Oh and relax, you won't be on the bench forever. Maybe I'll use this “down time” for myself! #silverlining.

Tracey Sparksman, former Programme Design and Delivery Specialist, Mental Health Foundation.


Trauma is really strange cover25 January 2017

Trauma is Really Strange

Haines, S. (2015). Singing Dragon.

This is a useful introduction to how trauma affects the brain and nervous system and what people can do to overcome the effects in everyday life. My knowledge was updated (e.g our response to threat is more than just ‘fight or flight’). The book doesn’t address the most severe effects of early trauma – when someone has developed separate self-states to keep the awareness out of daily life (dissociative identity disorder). It’s in line with current thinking and refers to well-known researchers. The tone is encouraging and optimistic.

The graphic nature is inviting and the style is modern and although there are characters with dark and light skin, the main character is white and male. I was also disappointed to find small font text at the foot of most pages. It’s either a graphic book or it’s not! This text made unhelpfully brief references to other ideas and research. The references are cunningly concealed inside the cover flap.

The book starts well enough with a real-life example of transient dissociation but this is followed by a confusing mixture of symptoms of dissociation, hyperarousal /panic and shaking/tremors (restless legs are not a sign of shock).

Good introduction to trauma

The introduction to trauma which follows is good; wide-ranging and thought-provoking. It has three sections: trauma exists, we can heal from its effects, and healing involves the way our brains manage our bodies so our bodies have to get involved (talking therapy is not enough).

The second half examines how the brain and nervous system respond to threat. I didn’t find the explanation of the “new vagus” and “old vagus” control systems adequate. However, the three-stage response to threat (orient, mobilise, immobilise) was well done.

The next section uses helpful similes to explain the working of the amygdala and hippocampus, and how a neutral object or situation becomes a conditioned stimulus evoking unconditioned (inborn) anxiety responses.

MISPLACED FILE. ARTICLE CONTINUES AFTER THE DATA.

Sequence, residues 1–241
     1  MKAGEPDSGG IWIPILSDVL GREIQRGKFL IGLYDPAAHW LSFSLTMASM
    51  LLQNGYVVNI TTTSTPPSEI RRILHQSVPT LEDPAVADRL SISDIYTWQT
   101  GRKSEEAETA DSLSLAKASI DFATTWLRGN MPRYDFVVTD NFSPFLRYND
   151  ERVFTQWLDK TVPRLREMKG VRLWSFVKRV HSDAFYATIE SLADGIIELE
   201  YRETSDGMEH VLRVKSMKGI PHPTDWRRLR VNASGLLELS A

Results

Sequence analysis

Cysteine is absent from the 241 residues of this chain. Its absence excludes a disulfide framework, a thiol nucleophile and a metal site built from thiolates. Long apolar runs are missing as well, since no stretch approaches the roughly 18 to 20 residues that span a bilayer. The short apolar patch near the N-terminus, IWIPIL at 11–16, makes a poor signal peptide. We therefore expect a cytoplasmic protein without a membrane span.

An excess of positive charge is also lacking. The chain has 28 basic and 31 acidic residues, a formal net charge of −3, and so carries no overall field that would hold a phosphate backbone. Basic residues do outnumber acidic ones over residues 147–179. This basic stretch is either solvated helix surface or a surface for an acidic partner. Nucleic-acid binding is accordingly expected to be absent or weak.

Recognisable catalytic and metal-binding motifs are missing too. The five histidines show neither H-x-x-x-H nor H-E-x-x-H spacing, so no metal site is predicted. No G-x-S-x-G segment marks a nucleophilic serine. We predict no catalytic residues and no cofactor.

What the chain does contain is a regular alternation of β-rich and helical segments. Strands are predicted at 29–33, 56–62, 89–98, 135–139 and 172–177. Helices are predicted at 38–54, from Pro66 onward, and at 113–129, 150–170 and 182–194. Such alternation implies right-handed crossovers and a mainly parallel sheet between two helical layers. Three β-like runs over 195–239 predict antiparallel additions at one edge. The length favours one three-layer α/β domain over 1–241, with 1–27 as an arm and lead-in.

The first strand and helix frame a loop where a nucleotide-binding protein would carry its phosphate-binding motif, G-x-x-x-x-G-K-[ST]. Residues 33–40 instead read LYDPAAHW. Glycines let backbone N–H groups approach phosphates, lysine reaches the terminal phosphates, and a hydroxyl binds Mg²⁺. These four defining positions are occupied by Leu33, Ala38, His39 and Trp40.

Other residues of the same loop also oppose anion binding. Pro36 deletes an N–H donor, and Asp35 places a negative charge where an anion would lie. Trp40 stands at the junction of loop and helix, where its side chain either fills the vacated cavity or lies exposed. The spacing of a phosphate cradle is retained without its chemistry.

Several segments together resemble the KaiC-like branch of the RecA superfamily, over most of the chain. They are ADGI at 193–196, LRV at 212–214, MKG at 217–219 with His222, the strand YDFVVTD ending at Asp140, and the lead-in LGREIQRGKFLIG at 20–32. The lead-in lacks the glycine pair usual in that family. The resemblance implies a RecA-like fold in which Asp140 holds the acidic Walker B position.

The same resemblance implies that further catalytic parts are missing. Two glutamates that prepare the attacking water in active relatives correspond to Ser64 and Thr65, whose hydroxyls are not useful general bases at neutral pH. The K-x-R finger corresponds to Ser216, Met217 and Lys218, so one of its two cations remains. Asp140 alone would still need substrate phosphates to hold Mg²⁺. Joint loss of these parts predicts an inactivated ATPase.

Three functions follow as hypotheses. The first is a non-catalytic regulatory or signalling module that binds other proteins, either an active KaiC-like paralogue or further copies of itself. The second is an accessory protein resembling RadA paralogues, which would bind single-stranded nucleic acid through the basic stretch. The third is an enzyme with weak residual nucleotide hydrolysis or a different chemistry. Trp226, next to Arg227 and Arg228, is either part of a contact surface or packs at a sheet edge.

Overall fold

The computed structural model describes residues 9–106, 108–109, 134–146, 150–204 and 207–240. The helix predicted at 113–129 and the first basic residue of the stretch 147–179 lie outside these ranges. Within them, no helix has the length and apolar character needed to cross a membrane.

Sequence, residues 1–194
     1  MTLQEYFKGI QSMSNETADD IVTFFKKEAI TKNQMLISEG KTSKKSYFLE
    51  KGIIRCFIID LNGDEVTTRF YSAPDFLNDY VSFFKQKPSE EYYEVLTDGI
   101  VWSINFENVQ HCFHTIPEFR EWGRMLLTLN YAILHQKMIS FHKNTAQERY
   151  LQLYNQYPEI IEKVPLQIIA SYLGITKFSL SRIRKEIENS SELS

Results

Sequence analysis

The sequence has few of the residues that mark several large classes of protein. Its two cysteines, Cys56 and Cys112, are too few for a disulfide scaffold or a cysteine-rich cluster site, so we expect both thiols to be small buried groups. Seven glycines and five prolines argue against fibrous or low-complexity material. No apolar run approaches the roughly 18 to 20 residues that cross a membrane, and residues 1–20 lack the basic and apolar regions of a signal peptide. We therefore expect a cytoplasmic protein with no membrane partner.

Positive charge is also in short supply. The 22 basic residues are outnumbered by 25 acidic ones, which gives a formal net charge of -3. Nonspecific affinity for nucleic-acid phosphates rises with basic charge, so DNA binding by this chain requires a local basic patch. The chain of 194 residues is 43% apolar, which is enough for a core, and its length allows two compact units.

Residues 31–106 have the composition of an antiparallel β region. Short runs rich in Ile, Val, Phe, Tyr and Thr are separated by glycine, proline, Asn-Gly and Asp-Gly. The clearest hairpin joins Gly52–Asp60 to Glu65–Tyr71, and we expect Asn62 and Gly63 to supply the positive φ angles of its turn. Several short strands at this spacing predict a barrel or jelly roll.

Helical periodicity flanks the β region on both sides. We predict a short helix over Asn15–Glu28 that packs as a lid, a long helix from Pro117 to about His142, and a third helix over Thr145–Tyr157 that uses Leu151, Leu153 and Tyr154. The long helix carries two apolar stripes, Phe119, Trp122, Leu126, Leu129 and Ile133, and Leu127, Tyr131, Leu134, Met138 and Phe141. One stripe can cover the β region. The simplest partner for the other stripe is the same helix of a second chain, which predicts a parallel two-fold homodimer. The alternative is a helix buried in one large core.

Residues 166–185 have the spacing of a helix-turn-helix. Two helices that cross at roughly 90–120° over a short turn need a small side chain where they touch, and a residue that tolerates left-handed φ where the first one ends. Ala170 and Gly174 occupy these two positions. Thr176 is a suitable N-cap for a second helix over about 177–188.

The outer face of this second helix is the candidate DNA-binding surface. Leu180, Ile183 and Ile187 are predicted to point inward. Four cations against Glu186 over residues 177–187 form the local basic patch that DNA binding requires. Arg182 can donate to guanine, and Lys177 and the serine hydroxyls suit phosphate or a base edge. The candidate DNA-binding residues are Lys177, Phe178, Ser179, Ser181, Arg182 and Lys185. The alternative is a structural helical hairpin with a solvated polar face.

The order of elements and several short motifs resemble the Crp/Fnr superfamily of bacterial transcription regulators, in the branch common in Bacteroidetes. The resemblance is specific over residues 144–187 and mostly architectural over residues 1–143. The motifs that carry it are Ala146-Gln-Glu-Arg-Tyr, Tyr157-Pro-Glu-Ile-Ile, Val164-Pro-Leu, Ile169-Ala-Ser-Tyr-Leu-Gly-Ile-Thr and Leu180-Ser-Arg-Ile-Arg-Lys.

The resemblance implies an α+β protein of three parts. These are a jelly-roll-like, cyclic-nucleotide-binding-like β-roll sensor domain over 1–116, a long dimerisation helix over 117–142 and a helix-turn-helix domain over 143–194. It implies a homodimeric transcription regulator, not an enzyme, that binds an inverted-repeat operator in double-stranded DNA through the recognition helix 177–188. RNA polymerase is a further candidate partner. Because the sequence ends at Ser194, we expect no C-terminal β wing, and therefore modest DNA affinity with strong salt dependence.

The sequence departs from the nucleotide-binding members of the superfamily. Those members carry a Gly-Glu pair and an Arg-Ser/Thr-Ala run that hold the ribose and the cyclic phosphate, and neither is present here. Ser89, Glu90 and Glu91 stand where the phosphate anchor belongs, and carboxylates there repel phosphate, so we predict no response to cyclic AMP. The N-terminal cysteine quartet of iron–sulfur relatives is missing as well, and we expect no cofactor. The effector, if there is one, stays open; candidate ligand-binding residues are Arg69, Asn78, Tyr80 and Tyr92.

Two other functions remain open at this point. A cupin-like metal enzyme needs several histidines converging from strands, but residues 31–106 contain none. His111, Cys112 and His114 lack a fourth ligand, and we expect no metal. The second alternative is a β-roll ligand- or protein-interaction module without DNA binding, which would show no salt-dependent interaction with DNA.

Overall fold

Book could have been better organised

I didn’t find the book well-organised; section headings or title pages would have helped me track the progression from overview to specifics and keep track of the three sections of the introduction.

The final quarter describes techniques and principles for healing. This collection risks giving a simplistic impression but each is presented with a rationale which draws on previous pages and together they support the book’s thesis that we can heal from trauma by understanding how our brain and nervous system work. There is a useful summing up.

Reviewed by Margaret Graham, Senior Clinical Psychologist.


emotional agility21 December 2016

Emotional Agility: Get Unstuck, Embrace Change, and Thrive in Work and Life

David, S. (2016). Penguin Random House.

This book provides simple, practical advice to allow people to make changes in all areas of their lives. It’s clearly and concisely written by renowned psychologist Susan David.

Emotional Agility walks you through why you can become stuck, and steps you can take to rectify this and truly flourish. The author carefully balances real life examples with academic research to back up her methodology for a new way of living, which she says can enhance your life greatly.

David writes about becoming aware of your true nature, accepting and facing your emotions and acting in accordance with your deepest values. She provides anecdotes and examples to help you understand how you can make these changes.

For those specifically looking for help raising children or in the workplace, there are separate chapters dealing with both of these.

There are no set exercises to work through so if that's what you're looking for this is probably not the right book for you. But for everybody else, this makes for an accessible and easy to read book on the topic of emotional agility.

Reviewed by Cory Stewart, Health Promotion Consultant.


The sound of silence cover image14 December 2016

The Sound of Silence

Goldsaito, K. (2016). Little, Brown Books for Young Readers.

The words and illustrations in this story come together beautifully to tell the story of little Yoshio who lives in Tokyo, Japan.